The Amazing Way A Reporter Confronted A Celebrity Who Sexually Harassed Her

Photo: Gregory Pace/BEImages.
Actor Paul Johansson has played some of the most villainous characters on television. He was Dan Scott on One Tree Hill and John Sears on Beverly Hills, 90210. During the final season of Mad Men, Johansson played Ferg Donnelly, the McCann Erickson executive whose uncomfortable, innuendo-filled comments to Joan made her take a buyout and leave the firm. With his career as one of the "most hated men in television history" in mind, BuzzFeed brought Johansson to the office for one if its signature GIF reaction series. The post, which went live on May 4, was called "13 Ways To React To Dicks At Work, As Told By Paul Johansson." 

That's not the end of the story, though. Last night, one of the GIF post's authors, Susan Cheng, published a second article about Johansson's time at BuzzFeed called "What Hollywood's Acceptance of Sexism Looks Like in Practice." In it, Cheng described various comments and gestures the actor allegedly made during his time at the company's offices that made the interview "very awkward and inappropriate."

Cheng recalled a conversation Johansson had with her colleague before the cameras were rolling. He asked Cheng's co-worker why she was so tan, to which she replied that she'd been outside playing tennis that weekend. The two engaged in a little trash talk, which Johansson pointed out was "flirting where I am from." "My serve is pretty strong,” he told Cheng's colleague. “I’ll serve the ball right down your throat."

"My head snapped up. I was so alarmed," Cheng wrote about her reaction to Johansson's remarks. "I’d nearly missed his next words, which involved him telling my co-worker that he wanted to take her into his cave (apparently a reference to Canada, where he’s from), where he’d put her on her back."

According to Cheng, that wasn't the last time the actor would make a comment that crossed the line during the shoot. While he was acting out his reactions to annoying people in the workplace, Johansson allegedly said, "I’m sweating like a rapist." He was being recorded at that point, but Cheng noted that he wasn't paying attention to the camera. 

The comments made her uncomfortable, but she "forced [herself] to laugh before proceeding."

After they finished shooting the GIFs, Cheng led Johansson out of the office. When they passed a conference room, she noted that, "With his hand on my back for the second time, he asked, 'Do you ever take people in there and make out with them?'"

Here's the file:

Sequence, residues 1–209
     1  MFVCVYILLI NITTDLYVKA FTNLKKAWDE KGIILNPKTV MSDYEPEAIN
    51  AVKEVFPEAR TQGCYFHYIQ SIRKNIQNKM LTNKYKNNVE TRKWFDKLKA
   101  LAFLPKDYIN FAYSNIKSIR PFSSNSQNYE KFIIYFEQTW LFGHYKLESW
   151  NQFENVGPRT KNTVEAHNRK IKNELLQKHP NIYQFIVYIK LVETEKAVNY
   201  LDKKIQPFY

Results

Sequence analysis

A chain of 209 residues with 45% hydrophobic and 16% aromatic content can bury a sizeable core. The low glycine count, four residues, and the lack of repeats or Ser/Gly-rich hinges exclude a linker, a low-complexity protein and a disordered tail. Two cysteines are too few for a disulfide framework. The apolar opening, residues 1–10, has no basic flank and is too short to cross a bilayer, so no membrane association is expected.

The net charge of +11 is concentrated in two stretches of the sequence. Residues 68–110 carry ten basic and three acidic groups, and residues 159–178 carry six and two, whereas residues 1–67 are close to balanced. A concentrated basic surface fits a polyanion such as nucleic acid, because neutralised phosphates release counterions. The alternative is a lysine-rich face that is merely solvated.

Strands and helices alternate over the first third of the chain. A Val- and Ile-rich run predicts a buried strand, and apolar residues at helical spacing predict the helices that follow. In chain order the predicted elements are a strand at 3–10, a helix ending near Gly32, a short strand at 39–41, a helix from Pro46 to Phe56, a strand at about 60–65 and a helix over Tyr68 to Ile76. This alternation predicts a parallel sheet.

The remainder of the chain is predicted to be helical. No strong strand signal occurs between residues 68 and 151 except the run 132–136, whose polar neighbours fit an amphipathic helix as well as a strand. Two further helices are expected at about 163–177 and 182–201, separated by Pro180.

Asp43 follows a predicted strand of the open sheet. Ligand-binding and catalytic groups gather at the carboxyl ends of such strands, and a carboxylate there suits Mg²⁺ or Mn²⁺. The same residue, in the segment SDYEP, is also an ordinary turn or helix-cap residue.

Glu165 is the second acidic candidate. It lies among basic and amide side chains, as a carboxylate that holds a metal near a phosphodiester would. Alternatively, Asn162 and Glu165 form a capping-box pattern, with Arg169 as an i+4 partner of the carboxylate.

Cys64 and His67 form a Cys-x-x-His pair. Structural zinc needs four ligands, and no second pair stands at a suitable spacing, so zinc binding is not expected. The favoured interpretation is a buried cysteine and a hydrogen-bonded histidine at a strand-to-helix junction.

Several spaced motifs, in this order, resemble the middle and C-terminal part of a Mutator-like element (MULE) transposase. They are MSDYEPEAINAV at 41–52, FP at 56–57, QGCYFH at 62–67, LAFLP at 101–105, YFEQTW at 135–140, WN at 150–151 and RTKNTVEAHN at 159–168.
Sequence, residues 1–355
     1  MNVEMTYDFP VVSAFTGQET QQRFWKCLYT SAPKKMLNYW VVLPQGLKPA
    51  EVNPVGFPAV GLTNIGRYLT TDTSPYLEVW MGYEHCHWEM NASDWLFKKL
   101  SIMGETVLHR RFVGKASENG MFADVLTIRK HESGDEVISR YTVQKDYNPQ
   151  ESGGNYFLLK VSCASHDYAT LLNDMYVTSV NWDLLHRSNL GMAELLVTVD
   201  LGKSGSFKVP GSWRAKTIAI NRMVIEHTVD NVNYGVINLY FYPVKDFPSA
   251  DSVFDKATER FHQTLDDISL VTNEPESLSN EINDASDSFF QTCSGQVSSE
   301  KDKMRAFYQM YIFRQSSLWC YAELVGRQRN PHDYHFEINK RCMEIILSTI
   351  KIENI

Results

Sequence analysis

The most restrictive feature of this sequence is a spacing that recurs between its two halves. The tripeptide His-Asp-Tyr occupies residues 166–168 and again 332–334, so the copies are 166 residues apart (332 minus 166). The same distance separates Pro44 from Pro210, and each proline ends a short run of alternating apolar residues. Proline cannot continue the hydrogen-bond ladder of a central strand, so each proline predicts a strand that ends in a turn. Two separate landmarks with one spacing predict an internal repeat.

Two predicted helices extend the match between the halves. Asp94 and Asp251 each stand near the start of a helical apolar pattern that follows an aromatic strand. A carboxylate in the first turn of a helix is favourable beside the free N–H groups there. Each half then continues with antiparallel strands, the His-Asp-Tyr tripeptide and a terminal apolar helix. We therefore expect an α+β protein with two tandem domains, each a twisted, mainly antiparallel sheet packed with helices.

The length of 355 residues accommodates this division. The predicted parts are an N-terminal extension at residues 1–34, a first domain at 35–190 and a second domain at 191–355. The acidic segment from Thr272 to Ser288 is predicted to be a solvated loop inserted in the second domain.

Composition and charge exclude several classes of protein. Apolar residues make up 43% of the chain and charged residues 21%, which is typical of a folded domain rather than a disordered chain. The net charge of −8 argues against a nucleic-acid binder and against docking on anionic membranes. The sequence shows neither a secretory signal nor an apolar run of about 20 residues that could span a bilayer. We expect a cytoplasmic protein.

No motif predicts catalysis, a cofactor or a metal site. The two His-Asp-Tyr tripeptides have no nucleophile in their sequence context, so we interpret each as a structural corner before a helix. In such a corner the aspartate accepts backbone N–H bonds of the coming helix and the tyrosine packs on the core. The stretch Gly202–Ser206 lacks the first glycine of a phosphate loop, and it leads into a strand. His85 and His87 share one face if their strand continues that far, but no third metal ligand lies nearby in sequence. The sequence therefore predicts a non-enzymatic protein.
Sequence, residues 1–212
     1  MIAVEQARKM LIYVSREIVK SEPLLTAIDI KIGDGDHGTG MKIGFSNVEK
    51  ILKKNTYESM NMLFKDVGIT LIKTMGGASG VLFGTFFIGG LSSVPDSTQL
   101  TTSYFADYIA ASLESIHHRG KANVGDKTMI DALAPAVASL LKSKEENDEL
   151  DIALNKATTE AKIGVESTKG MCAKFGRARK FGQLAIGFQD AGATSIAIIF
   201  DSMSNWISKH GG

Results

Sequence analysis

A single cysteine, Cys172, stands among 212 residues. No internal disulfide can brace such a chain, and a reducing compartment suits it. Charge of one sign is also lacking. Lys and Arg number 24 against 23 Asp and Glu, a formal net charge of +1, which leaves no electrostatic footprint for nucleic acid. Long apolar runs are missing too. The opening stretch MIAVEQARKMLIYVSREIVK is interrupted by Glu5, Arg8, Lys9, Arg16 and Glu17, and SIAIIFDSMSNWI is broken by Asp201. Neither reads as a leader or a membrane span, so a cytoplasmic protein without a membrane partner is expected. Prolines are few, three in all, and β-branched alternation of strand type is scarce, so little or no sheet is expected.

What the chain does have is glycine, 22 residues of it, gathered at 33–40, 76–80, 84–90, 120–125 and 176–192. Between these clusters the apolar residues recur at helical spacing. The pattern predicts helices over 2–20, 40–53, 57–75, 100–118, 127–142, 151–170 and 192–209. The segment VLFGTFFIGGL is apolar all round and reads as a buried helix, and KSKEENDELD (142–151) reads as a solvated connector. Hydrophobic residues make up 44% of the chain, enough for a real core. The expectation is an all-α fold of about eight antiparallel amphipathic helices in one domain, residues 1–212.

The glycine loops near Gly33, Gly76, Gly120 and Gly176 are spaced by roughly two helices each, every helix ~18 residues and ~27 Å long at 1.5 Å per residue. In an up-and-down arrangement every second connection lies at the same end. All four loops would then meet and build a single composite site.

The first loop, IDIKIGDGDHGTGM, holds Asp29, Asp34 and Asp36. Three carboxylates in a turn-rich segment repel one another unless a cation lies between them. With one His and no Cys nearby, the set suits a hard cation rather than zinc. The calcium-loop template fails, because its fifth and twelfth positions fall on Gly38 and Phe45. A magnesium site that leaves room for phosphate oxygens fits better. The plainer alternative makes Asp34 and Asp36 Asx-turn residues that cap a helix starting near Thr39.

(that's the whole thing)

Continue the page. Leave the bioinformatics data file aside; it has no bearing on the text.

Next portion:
"I felt my skin crawl but forced a smile," Cheng recalled. What she said was, "Well, those are glass windows, so no."

Three weeks after her experience with Paul Johansson, it was still lingering in Susan Cheng's mind. She finally decided to write about it because, "[H]is conduct is common in a Hollywood culture that puts young women in positions where they can be easily manipulated or harassed by older men. What’s worse, that culture also discourages those women from speaking out and continues to reward the men accused of committing such offenses, as recent events have indicated."

Cheng contacted Johansson's publicist to see if she could speak to him about the way he acted. Almost a day later, she received a letter from the actor's lawyer. It claimed that Johansson had "never acted inappropriate towards [me], or any of [my] colleagues at the BuzzFeed offices."

His lawyer, Andrew B. Brettler, went on to say that there was nothing "sexual or inappropriate" about the statement Johansson made to Cheng's colleague about serving tennis balls down her throat. Brettler also wrote that Johansson's statements, such as the one about "sweating like a rapist," were "purposely taken out of context." The lawyer added that the actor had never touched Cheng "in an inappropriate or sexual manner."

It's brave of Susan Cheng to come forward about her experience, and her words are extremely powerful. "Catcalling and sexual harassment happens when men see women as slightly less than human — as if we exist purely for someone else’s enjoyment, as if we exist just for someone else to watch us squirm. Yelling back, or writing about it, reclaims that humanity and reminds them that women are human — and more importantly, it reminds me that I am human. I only wish men like Johansson would see that," she wrote before sharing an excerpt of the letter from Johansson's lawyer.

This was, indeed, an eye-opening account of what Hollywood's acceptance of sexism looks like. 

We have reached out to the actor's lawyer and publicist as well as Susan Cheng for comment. (BuzzFeed)
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